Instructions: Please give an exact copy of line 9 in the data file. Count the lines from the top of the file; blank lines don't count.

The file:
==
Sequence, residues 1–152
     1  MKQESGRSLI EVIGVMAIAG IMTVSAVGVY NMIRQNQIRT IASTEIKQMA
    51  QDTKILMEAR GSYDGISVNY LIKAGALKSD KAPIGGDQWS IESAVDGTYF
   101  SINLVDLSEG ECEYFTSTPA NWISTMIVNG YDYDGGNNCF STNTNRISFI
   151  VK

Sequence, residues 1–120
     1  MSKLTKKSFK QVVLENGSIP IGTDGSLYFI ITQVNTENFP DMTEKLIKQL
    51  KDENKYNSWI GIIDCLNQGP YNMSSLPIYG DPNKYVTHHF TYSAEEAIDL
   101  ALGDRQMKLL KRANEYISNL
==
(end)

   101  ALGDRQMKLL KRANEYISNL